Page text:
Helen Hanson is a Professor in Film History at the University of Exeter as well as Academic Director of the Bill Douglas Cinema Museum. I’m a great admirer of Hollywood Soundscapes: Film Sound Style, Craft & Production in the Classical Era, her new book. Hollywood Soundscapes not only provides us with new knowledge on the craft and production of film sounds styles in the classic era but is also an inspiring example of how to produce methods through which to do so.
Professor Hanson came to Warwick to talk on Lela Simone, the music supervisor of the great Freed Unit at MGM, and thus responsible for the sound of some of the greatest musicals of all time: An American in Paris (1951), Singin’ in the Rain (1952), The Band Wagon (1953) and many others. I sought Professor Hanson out to talk at greater length about her superb book.
The discussion touches on how her initial research question, ‘who were the most significant people working in sound in the classic era?’ changed into an account of how style is framed around structures that develop from group work and the sharing of knowledges. We touch on how the structures surrounding the work and practices of a sound editor in the 1930s might be shaped not only by the technologies that he or she was using but also forms of knowledge, professional networks and the conventions and expectations of the work.
One of the wonderful aspects of Hollywood Soundscapes is how we get detailed accounts of stereophonic sound systems that did not quite succeed. We touch on the Vitasound system which added speakers and amplified sound and also on the Fantasound system Walt Disney developed for Fantasia, two examples on which there is a much more extended and detailed account in the book itself.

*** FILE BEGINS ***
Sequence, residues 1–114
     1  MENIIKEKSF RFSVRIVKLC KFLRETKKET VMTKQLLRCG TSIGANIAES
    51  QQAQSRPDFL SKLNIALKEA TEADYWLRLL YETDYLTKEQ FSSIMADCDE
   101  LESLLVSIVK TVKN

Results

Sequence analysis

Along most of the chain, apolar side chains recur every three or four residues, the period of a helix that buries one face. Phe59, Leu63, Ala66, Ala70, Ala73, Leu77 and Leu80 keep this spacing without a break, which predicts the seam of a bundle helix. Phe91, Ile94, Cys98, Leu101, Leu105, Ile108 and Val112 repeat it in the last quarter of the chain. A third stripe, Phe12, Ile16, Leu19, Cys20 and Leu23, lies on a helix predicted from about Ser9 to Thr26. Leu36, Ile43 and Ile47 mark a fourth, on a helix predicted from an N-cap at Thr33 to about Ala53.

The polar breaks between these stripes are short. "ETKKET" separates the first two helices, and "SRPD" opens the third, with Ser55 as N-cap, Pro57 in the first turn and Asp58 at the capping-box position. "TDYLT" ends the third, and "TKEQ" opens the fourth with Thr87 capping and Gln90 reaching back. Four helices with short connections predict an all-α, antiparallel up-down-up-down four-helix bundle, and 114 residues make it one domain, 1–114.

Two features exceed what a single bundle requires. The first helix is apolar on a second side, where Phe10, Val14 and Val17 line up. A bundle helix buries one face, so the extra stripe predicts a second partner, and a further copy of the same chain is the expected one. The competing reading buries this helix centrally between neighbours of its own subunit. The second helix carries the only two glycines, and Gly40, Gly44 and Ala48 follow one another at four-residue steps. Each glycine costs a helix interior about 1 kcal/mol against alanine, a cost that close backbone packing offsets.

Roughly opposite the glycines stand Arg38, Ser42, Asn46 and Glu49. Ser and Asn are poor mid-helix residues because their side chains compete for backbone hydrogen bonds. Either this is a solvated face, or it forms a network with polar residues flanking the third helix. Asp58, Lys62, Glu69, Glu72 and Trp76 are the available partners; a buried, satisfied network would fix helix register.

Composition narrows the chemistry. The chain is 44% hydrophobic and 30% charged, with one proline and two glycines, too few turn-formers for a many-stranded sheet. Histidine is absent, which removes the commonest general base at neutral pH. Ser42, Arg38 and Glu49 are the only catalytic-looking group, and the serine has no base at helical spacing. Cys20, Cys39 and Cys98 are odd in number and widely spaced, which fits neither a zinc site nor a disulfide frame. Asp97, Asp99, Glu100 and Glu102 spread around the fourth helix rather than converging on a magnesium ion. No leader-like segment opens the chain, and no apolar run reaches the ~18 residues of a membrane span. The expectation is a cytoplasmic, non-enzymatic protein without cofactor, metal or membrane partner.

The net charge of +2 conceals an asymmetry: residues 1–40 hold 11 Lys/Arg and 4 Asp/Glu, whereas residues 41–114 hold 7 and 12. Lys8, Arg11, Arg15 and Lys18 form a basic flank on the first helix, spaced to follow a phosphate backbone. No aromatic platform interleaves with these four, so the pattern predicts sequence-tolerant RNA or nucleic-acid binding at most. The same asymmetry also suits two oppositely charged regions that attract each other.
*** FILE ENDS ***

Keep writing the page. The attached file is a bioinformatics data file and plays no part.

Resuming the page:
The discussion ranges from what constituted ‘ear appeal’ at any point in time to what she would advise a beginner to look for if he or she wanted to analyse and better understand the ways in which sound is created and deployed in film.
The conversation touches on generic expectations in relation to the crafting of soundscapes. Sound technicians had a sense of how to shape the sound for different genres. When mixing the sound for a drama, for example, they looked for high contrast sound. For comedy, there was a tendency to seek a louder sound mix. But different studios had different practice conventions. Warners, for example, liked to record wild sounds.
Hanson notes that, ‘The networks of professional and personal relationships made me understand how multi-talented technicians were. They understood aesthetics, technologies and economics. They understood how to please management.’
I hope the podcast sparks an interest in reading Hollywood Soundscapes, a very considerable contribution to what we know about sound in the classic era and an equally great contribution to methods of how to go about finding out more. The podcast can be listened to below: